Trees dioecious, to 30 m, single-stemmed; crown narrowly erect to conical, round, or flattened. Bark brown, exfoliating in thin strips, that of small branchlets (5--10 mm diam.) smooth, that of larger branchlets usually not exfoliating in plates. Branches pendulous to ascending; branchlets generally erect, sometimes lax to flaccid, 3--4-sided in cross section, ca. 2/3 or less as wide as length of scalelike leaves. Leaves green but sometimes turning reddish brown in winter, abaxial gland elliptic or elongate, conspicuous, exudate absent, margins entire (at 20´ and 40´); whip leaves 3--6 mm, not glaucous adaxially; scalelike leaves 1--3 mm, overlapping by more than 1/4 their length, keeled, apex obtuse to acute, spreading. Seed cones maturing in 1 year, of 1 size, generally with straight peduncles, globose to ovoid, 3--6(--7) mm, blue-black to brownish blue when mature, glaucous, soft and resinous, with 1--2(--3) seeds. Seeds 1.5--4 mm.
Tree 10 - 20 m tall, trunk 20 cm - 1 m in diameter Leaves: scale-like or needle-like, green to bluish or yellowish green, persisting for five to six years. Scale-like leaves are common on older trees and are overlapping, 2 - 4 mm long, egg-shaped with pointed to rounded tip and may have glands on the back. Needle-like leaves are common on young trees and quickly growing shoots of older trees and are borne in lose whorls of two to three, often with white lines above, 5 - 7 mm long with a spiny tip. Foliage sometimes turning bronze to yellowish brown in winter. Bark: light reddish brown, peeling in narrow shredded strips. Twigs: bluish green to reddish brown, smooth. Buds: very small, hidden by the leaves. Form: irregular, pyramidal to rounded or flat-topped with a dense crown. Cones: unisexual, with separate pollen and seed cones produced on different trees (dioecious), rarely on the same tree (monoecious), near tips of branches. Pollen cones: 2.5 - 3 mm long, oblong to egg-shaped, with four to six scales, each scale containing four to five spherical yellow pollen sacs. Seed cones: made of thick bluish scales fusing to become nearly spherical and berry-like, borne on short straight stalks near ends of branches, green changing to dark blue with a whitish waxy coating (glaucous), 5 - 7 mm in diameter, maturing in one season, resinous, each containing one or two egg-shaped seeds. Pollination occurs from April to May.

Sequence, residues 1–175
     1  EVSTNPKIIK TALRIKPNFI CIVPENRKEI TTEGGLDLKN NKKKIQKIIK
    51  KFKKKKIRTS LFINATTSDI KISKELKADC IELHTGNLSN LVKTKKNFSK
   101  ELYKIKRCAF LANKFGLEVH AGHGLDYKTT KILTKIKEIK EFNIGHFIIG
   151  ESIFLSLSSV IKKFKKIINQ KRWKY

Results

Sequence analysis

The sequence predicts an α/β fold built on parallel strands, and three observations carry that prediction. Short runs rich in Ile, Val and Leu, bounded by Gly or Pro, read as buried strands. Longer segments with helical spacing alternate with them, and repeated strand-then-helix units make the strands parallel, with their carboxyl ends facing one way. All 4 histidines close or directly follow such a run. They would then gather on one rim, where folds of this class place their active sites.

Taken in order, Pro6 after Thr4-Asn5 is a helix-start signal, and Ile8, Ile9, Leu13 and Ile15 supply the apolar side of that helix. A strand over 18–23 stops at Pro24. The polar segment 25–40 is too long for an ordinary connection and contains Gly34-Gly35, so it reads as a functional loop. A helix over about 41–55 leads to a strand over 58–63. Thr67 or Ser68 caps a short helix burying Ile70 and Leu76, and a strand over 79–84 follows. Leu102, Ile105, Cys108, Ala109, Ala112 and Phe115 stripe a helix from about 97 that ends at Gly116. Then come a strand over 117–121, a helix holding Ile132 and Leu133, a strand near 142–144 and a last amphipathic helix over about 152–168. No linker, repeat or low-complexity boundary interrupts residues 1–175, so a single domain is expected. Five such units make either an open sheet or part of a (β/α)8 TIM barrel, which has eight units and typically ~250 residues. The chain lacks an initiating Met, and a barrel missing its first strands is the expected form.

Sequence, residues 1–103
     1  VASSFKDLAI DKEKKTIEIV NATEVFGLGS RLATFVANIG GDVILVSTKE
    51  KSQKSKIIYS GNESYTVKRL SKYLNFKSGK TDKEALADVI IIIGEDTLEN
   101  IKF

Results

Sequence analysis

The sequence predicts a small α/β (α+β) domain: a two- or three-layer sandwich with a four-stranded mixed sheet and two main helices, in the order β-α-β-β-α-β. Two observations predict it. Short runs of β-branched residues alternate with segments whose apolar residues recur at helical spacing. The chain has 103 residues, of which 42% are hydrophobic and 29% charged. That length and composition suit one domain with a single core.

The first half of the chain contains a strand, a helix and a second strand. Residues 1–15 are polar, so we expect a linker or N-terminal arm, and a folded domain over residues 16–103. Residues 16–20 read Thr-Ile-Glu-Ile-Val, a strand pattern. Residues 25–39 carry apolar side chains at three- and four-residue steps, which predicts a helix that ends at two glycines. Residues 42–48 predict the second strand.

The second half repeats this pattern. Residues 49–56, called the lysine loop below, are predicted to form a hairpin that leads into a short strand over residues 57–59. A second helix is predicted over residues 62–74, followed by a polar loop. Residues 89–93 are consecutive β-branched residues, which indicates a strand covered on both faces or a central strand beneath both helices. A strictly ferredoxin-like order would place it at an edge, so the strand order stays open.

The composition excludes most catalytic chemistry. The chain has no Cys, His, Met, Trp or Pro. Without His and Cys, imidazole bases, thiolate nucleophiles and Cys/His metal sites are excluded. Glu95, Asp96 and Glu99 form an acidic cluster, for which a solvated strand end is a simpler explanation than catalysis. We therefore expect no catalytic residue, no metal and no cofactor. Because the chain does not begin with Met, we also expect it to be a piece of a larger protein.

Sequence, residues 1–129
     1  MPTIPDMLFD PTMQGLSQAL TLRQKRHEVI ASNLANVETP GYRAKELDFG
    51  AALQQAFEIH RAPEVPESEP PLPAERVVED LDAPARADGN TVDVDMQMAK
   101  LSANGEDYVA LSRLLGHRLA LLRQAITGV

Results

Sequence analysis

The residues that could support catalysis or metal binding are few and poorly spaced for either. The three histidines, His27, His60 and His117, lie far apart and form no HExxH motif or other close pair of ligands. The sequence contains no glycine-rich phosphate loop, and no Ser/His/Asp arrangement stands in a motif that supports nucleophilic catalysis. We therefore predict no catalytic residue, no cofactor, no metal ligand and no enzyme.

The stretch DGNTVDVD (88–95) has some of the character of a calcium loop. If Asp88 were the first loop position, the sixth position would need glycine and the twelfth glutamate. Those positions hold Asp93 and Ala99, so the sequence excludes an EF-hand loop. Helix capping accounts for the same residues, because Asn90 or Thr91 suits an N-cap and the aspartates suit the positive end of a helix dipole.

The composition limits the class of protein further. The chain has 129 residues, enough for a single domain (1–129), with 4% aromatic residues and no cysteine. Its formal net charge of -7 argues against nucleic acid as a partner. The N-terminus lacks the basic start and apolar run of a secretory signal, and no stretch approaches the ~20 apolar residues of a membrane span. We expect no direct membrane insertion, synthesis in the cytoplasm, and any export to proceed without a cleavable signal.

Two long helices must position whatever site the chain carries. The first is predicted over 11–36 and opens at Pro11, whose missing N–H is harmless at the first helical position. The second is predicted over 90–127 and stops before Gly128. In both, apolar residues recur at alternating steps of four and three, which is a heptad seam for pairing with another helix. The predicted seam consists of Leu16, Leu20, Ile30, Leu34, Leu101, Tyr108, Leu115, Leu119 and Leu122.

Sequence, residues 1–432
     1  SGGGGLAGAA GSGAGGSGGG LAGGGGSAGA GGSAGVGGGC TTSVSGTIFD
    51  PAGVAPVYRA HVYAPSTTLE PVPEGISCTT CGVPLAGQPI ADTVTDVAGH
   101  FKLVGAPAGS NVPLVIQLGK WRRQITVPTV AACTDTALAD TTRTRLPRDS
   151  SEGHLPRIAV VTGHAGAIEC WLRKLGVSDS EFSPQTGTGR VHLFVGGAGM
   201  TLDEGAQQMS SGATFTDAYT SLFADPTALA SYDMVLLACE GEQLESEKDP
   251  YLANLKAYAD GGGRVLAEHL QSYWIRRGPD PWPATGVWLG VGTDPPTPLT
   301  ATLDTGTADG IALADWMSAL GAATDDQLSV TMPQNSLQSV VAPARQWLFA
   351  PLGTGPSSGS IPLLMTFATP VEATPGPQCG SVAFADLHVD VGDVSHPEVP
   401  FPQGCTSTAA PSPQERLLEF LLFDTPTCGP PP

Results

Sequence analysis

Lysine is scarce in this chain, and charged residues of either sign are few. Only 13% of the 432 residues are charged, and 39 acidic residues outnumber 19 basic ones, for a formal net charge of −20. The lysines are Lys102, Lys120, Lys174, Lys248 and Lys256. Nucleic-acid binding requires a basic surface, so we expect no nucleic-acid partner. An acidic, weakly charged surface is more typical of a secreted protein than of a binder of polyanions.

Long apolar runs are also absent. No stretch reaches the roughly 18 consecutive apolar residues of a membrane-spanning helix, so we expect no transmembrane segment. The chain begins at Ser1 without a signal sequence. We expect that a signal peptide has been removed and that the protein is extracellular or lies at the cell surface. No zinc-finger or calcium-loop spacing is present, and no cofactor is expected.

Similar species: Thuja occidentalis is easily distinguished from the junipers found in the Chicago Region. It has flattened branches, all scale-like leaves, and woody cones. The junipers of the region all have berry-like cones and branches that are not flattened. Juniperus communis has all needle-like leaves. Juniperus horizontalis is trailing with erect branches, has mostly scale-like leaves, and the cones are on recurved stalks. Juniperus virginiana is represented by one variety in the Chicago Region. See link below for further information.
Habitat and ecology: Dry woods, fields, cliffs, and dry calcareous sites.
Occurence in the Chicago region: native
Notes: Although the common name is eastern red cedar, this species is not a true cedar (Cedrus sp.). The wood of J. virginiana is used to make fence posts, pencils, shingles, and log cabins. A scented oil in the wood is disliked by moths, so the wood is commonly used in closets and clothing chests. Female cones are used to flavor gin. This species is a host for cedar-apple, -hawthorn, and -quince rust diseases. It hybridizes with J. horizontalis.
Etymology: Juniperus is the Latin name for juniper. Virginiana means "from Virginia."
Shrub or tree with a dense crown, to 20 m; juvenile lvs subulate, pungent, 5-7 mm, spreading or ascending; lvs of adult branches scale-like, appressed, ovate or lance-ovate, 2-4 mm, obtuse or subacute, convex on the back; cones terminal on short, straight peduncles, subglobose, blue-glaucous, 5-7 mm thick; seeds 1 or 2, pitted toward the base. In a variety of soils, esp. in dry, calcareous sites; s. Me. and s. Que. to N.D., s. to Ga., nw. Fla., and Tex. Two weakly distinguished vars.: Var. virginiana, occurring from Va. to s. Mo. and southward, has a relatively broad, ovoid crown with widely spreading branches, and the seeds are strongly pitted. Var. crebra Fernald, the more northern phase, has a narrowly spire-shaped crown with distinctly ascending branches, and the seeds are only obscurely pitted.
Gleason, Henry A. & Cronquist, Arthur J. 1991. Manual of vascular plants of northeastern United States and adjacent Canada. lxxv + 910 pp.